Unconventional thinking about the Middle East.

Thursday, December 28, 2006

Musings I’d like to research: Do the Saudis really fear Iran?

Or better still, musings that I’d like other people to answer…

When neo-Hanbalites in Nejd have nightmares about the Shi'a bogeyman, do you they see before them a menacing Safavid or a bloodthirsty Carmathian?

Here is a breakdown for non-experts:

-Hanbalites: followers of Islamic jurist Ahmad bin Hanbal, who came into prominence during the first half of the 9th century in Baghdad. He set the methodological basis for the interpretation of Islamic scripture (Koran and sunnah) known as the Hanbali school. There are four such schools in Sunni Islam: Hanafi, Maliki, Shafi’i, and Hanbali. Hanbalism is a stricter interpretation of Islam that frowns upon external influences like philosophy or mysticism, which had came into Islam from other pagan or monotheistic religions or traditions. Hanbalism found a 14th century champion and reviver in the person of Ibn Taymiya, a Syrian cleric, who counseled the purification of Islam from all external embellishments and held these ‘foreign’ trappings as the reason for the weakness of Islam leading up to his time (the advent Crusades, reign of the Mamluks, Mongol invasion…etc.).

-Nejd: A geographical area at the center of the Arabian Peninsula, now in east-central Saudi Arabia. Never of great strategic importance apart from being on the pilgrim and trade route from Iraq to the Hijaz (where Mecca is located). The excess tribal population there would usually decant into the Levant or Mesopotamia or the areas in between. Right after Muhammad’s death, the tribes in Nejd and nearby Yamameh (…just where is Yamameh exactly?) reverted to paganism and were harshly dealt with by Muhammad’s successors. Nejdi merchants (especially horse-breeders from Qaseem), as well as the Nejd-based tribal amalgam that came to be known as the Ageilat, traveled far and wide in the Middle East and points further east and created settlements like Zubair in southern Iraq. So Nejd knew something of the wider world but opted to become a bastion of parochial Hanbalism—even though this school of thought was a minority in most Islamic domains. From Nejd emerged a certain Muhammad bin Abdel-Wahab, who ostensibly picked up where Ibn Taymiyya (and the latter’s disciple Ibn al-Qayyim al-Jawziyya) left off and gave the world Wahhabism in the 18th century. It is best to think of Muhammad bin Abdel-Wahab as a neo-Hanbalist. [Note: Osama bin Laden is a neo-Wahhabist, Zarqawi is not, but that is a topic for a later time]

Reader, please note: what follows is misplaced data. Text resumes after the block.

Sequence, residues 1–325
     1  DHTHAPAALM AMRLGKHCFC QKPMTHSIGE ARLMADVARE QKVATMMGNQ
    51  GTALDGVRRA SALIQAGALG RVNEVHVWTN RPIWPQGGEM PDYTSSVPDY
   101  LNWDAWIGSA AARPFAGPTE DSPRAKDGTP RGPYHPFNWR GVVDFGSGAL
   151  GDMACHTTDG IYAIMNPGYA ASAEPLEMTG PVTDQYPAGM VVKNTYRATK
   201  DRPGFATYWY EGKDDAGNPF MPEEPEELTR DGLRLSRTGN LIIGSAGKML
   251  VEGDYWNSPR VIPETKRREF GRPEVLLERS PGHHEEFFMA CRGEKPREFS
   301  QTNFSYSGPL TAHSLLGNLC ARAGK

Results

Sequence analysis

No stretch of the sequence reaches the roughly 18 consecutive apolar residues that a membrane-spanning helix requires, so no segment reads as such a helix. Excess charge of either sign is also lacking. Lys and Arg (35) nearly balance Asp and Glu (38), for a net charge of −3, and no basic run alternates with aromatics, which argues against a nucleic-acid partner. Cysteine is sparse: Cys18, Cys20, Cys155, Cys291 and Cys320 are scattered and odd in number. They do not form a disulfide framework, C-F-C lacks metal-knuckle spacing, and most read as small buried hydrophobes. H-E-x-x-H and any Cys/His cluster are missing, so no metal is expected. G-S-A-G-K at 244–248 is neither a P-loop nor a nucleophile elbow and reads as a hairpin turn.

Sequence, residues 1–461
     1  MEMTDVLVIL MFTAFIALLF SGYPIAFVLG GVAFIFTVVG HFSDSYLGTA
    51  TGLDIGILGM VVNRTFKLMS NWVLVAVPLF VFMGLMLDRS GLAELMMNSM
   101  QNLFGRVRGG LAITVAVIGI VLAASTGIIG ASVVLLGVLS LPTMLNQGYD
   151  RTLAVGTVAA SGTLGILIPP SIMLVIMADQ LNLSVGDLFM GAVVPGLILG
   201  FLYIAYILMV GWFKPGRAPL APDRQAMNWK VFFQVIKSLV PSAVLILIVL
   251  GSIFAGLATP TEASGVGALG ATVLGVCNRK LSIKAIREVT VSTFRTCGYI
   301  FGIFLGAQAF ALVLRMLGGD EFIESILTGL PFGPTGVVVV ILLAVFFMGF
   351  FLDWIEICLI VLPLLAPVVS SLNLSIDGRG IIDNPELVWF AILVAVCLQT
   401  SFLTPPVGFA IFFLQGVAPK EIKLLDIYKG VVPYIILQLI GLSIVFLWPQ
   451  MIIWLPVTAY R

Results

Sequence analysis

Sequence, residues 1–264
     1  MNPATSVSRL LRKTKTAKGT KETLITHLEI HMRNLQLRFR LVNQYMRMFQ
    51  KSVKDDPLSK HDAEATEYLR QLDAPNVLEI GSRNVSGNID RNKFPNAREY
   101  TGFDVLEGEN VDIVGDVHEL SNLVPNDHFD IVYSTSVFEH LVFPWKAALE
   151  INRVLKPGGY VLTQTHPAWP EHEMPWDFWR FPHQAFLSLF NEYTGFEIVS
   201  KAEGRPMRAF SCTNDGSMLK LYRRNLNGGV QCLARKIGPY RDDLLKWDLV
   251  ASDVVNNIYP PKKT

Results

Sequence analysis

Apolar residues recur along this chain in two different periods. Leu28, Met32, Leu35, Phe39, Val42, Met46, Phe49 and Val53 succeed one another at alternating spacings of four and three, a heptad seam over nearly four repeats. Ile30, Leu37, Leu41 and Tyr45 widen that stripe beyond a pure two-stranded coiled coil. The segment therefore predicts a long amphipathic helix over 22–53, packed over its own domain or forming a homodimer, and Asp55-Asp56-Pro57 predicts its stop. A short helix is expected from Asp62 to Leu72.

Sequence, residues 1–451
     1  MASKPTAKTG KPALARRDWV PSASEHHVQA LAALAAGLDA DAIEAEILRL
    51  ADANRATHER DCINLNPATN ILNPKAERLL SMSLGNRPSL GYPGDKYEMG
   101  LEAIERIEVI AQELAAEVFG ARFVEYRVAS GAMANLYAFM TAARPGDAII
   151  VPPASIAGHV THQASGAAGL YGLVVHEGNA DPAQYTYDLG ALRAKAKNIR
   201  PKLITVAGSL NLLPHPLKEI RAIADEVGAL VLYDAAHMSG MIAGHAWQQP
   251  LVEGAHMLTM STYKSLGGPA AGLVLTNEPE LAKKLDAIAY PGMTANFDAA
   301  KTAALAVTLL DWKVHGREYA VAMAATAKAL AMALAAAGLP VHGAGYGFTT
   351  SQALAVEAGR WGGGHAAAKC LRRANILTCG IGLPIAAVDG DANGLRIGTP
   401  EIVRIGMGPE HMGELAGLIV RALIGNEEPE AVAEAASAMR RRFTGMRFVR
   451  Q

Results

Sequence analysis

-The Safavids: an Islamic empire that emerged in Iran in the 16th century and that had its roots in extreme Shi'a-inspired mysticism. It gradually mellowed out and adopted more mainstream Shi'a tenets, and forcibly made Shi’ism the dominant creed in Iran and the areas under its sway. The Safavids were constantly at war with the Sunni Ottomans and sought to disseminate Shi'a propaganda among ethnic Turkmens and Kurds in Anatolia to undermine the Ottomans. The Ottomans responded by releasing a barrage of anti-Shi'a measures, most notably canonical excommunication. To the Safavids, Shi’ism increasingly became a tool for empire and an ideological foil to be deployed against the Ottomans.